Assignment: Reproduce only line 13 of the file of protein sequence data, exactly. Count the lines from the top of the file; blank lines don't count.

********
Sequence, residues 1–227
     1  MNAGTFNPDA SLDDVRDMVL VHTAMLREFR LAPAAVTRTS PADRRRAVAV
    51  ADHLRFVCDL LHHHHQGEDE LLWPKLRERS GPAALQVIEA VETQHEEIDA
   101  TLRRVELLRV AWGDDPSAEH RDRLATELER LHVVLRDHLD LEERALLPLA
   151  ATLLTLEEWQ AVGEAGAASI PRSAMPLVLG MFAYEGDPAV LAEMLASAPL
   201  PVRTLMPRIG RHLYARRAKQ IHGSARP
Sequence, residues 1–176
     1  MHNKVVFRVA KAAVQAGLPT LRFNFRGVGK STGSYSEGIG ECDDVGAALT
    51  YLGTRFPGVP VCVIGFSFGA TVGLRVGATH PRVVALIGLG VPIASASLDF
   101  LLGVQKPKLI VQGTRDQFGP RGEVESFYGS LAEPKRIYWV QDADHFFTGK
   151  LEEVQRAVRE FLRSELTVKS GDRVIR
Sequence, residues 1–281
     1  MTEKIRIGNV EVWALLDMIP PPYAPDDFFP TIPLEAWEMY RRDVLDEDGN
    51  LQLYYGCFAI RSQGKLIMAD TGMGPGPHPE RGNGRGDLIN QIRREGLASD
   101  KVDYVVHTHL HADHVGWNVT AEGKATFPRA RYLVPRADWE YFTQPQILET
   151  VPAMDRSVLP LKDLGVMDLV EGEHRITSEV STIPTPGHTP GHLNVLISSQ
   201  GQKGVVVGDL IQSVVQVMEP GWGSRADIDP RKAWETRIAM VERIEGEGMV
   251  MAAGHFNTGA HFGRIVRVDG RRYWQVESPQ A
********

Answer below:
     1  MTEKIRIGNV EVWALLDMIP PPYAPDDFFP TIPLEAWEMY RRDVLDEDGN